He’s not the only one waiting for us to leave. The Sunnis are working with us now because they:
    1. Hate AQ.
    2. Recognize a stalemate when they see one.
    3. Know we’ll leave faster if there is enough progress for us to declare victory and have a parade.
    Sadr and his rivals understand that our standards for success, leading to withdrawal, are getting lower and lower. Twenty-four months is nothing to them.
    Completely off topic: anyone catch “The Man Who Would Be King” at the American Film Institute here in Washington DC a few weeks ago? Col Lang, that seems like your kind of flick. It was fantastic on the big screen!

  17. Jose says:

    Check out this interesting article from time.com:
    Compare the last sentence in the article to the Colonel’s last sentence in this post.
    Interesting that both writers seem to predict that al-Sadr will emerge the winner of this mess.

  18. W. Patrick Lang says:

    “Sadr, IMO, is not really focused on the coalition or the American forces.
    He is waiting for them to leave. When that happens he will seek to become the power behind the prime minister”.
    I have been studying the guy for four yrs now, I agree with what you wrote and even more. It seems to me that there is sufficient evidence that he is preparing for a takeover of the Shi’i part of Iraq and Baghdad. Basra’s oil, the holy cities’ donations. He will then try to forge an alliance with Sunni fundamentalists excluding al-Qa’ida, but his reliance on Iran will make it very difficult.”
    Amatzia Baram

  19. JohnH says:

    “Sadr, IMO, is not really focused on the coalition or the American forces.” Whatever his motivation, it came at an opportune time for the Iranians. How can the administration continue to claim Iranians are killing Americans when the main shiite militia stands down for six months? Oh, I know, the Iranian shia must hate Iraqi shia, so they arm Sunnis to kill Americans along with Iraqi shia. Yadda, yadda, yadda…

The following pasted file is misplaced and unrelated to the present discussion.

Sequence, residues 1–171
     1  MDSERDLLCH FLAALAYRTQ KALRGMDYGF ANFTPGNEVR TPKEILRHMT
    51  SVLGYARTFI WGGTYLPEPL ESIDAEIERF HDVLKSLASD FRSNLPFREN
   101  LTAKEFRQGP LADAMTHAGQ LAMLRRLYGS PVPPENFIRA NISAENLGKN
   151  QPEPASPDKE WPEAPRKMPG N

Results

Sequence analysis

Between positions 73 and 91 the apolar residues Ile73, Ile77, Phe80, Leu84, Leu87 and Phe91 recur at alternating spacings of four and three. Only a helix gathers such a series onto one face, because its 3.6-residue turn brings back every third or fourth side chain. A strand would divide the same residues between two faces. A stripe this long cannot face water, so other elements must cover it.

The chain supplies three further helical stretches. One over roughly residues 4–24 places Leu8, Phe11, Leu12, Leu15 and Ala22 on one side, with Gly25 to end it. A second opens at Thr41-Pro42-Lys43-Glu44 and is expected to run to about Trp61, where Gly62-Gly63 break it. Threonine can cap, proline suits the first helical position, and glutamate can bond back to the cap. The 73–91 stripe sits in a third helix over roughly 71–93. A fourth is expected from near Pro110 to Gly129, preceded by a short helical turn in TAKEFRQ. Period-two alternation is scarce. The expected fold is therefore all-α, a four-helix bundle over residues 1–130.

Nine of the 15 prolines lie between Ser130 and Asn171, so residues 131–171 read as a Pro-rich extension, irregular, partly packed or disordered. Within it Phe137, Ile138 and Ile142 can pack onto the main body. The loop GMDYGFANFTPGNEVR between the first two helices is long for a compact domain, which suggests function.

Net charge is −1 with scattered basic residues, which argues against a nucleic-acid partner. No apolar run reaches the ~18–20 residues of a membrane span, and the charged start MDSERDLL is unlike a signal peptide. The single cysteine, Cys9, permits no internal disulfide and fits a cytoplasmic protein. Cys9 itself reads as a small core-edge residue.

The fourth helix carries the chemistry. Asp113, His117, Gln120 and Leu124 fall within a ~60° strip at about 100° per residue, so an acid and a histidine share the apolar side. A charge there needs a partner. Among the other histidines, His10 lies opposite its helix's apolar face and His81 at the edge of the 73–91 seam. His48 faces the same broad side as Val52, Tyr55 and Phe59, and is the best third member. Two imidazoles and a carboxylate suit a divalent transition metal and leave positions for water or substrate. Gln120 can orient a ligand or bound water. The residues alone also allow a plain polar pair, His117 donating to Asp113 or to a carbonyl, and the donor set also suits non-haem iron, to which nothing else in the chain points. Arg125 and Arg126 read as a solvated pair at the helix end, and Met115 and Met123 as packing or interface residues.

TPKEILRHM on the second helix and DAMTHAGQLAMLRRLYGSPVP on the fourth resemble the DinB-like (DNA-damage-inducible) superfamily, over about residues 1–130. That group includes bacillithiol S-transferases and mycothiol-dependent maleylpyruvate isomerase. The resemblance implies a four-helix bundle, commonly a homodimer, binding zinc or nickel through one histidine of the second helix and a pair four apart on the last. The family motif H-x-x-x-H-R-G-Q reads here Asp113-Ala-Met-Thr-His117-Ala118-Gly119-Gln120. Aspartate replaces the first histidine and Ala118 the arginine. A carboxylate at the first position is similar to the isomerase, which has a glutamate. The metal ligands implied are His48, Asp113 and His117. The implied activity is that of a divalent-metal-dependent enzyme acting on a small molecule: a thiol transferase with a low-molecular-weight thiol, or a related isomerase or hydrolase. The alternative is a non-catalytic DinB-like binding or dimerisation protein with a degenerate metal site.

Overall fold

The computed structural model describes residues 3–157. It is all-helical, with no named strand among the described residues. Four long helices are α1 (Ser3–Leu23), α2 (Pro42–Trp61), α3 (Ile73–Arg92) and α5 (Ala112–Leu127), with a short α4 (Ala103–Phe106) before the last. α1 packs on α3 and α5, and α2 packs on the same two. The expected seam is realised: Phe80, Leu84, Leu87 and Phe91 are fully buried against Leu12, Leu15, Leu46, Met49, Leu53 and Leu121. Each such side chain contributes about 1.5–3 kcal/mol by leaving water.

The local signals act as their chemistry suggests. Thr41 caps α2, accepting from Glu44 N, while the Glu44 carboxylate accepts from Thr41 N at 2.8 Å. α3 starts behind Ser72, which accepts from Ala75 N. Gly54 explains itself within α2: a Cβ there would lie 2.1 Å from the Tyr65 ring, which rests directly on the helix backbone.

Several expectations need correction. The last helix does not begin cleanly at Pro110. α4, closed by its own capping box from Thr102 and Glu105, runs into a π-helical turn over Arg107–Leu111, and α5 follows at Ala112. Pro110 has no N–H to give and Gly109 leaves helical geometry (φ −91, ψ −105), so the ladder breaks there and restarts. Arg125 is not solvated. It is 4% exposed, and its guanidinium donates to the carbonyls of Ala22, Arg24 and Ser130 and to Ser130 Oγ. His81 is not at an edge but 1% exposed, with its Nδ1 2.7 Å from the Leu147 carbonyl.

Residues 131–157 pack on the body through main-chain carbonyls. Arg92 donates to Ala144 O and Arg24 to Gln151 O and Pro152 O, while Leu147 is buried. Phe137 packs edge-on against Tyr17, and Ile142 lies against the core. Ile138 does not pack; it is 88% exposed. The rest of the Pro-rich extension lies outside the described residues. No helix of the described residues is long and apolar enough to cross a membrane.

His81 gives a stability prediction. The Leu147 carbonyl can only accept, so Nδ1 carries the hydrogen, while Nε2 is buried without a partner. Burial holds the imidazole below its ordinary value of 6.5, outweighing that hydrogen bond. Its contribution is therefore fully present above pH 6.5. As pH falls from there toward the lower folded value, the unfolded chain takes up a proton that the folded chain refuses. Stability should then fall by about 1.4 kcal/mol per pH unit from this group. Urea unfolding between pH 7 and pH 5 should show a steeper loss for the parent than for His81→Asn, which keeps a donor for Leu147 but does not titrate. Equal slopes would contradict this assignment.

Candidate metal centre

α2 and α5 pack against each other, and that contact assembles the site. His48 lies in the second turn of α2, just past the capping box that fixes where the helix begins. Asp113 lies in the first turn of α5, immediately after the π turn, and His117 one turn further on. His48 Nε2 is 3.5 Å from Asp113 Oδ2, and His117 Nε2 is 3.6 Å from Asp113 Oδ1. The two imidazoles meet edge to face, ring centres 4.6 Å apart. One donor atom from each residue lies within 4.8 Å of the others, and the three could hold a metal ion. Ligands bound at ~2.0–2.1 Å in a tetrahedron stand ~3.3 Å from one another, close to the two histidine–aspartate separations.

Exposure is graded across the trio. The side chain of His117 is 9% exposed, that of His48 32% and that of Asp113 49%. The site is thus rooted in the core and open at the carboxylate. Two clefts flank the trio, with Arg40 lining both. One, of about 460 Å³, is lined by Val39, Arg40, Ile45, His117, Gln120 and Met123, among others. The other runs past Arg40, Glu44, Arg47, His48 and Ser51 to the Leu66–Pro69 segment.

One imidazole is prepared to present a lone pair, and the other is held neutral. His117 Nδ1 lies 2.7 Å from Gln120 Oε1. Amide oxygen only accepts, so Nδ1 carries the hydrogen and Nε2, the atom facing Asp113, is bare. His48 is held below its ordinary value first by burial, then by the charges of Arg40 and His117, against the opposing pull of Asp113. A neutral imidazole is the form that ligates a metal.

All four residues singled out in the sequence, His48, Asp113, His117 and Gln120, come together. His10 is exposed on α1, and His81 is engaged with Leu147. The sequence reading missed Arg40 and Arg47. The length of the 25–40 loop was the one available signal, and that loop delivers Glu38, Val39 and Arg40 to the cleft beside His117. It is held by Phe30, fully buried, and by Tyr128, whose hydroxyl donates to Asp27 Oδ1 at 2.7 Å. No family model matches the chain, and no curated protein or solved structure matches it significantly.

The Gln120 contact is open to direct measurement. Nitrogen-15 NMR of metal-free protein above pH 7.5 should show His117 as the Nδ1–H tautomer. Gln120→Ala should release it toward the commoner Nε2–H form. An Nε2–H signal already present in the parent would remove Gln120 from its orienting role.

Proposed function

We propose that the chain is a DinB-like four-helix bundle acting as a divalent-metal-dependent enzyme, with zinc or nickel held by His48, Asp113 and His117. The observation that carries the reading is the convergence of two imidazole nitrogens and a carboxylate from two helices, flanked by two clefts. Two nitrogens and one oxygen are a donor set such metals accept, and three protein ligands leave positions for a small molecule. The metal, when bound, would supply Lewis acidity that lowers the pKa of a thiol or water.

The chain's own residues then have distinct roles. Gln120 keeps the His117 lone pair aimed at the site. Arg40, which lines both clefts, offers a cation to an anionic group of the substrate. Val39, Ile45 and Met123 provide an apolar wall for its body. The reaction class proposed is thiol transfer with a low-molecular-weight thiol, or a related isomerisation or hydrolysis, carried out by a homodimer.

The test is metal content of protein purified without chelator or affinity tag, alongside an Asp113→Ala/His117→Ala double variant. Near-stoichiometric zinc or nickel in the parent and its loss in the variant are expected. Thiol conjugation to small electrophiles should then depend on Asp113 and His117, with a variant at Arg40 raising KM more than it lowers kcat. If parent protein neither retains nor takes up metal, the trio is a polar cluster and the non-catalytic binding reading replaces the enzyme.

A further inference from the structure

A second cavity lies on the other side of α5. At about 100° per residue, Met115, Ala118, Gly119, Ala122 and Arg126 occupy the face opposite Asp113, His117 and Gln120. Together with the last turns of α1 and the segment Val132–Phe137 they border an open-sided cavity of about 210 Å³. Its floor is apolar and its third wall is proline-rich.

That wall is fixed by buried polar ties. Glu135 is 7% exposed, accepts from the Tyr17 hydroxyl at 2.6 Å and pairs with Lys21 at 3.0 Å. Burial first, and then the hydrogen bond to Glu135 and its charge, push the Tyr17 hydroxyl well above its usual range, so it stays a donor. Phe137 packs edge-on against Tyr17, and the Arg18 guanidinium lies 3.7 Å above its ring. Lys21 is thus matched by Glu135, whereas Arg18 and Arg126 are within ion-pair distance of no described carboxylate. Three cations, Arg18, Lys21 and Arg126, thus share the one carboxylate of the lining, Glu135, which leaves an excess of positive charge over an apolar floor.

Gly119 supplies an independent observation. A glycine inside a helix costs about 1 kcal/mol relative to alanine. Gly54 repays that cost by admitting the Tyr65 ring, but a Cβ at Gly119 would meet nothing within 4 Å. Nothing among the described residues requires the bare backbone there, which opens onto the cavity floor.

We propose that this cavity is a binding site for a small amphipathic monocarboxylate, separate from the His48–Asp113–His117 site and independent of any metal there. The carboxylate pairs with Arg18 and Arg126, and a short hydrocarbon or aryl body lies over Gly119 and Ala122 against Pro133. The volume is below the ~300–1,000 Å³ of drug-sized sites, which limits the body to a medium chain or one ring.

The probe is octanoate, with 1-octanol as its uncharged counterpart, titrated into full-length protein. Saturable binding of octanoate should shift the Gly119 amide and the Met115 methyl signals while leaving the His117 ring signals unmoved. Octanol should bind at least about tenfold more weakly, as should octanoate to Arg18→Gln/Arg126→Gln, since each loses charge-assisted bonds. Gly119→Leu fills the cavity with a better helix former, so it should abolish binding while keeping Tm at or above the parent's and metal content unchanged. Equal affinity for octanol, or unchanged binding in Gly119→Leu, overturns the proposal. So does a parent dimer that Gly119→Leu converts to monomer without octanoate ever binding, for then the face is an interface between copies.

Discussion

Look for this story to be totally forgotten after Labor Day.

  20. Jay says:

    I think johnf’s comment, the first post on this topic is terribly telling. It is that total disregard for the beliefs of others that has caused so much of these problems. The utter arrogance of his response that the Mahdi returning is impossible is what has gotten us so far down the wrong road. That is what the Shiia believe. Just because we don’t believe it doesn’t make it any less valid to them. We seem to think that they want to be just like us. They don’t, they don’t see thing like we do, just as we don’t see or think like they do. There are precious few Americans who have developed or are willing to develop the insight that you have into the arab world. Those people who refuse to accept that they don’t want what we have or see things our way need to SHUT THE HELL UP AND STAY OUT OF IT. LEave the policy and dealings with that part of the world to the people whp understand it. We don’t need dilettantes, we need experts.

  21. kim says:

    as long as he doesn’t meet up with an “iranian” (or “syrian”, whatever works, ya know?) truck bomb.

  22. According to an article from Islamic Republic of Iran Broadcasting (IRIB) two days ago entitled “World awaits you o Mahdi!” the Imam Mahdi’s birth anniversary fell on 15 Shaban, which would have been Tuesday 28th August this year, 1428 A.H..
    The article also tells us, without offering a date certain: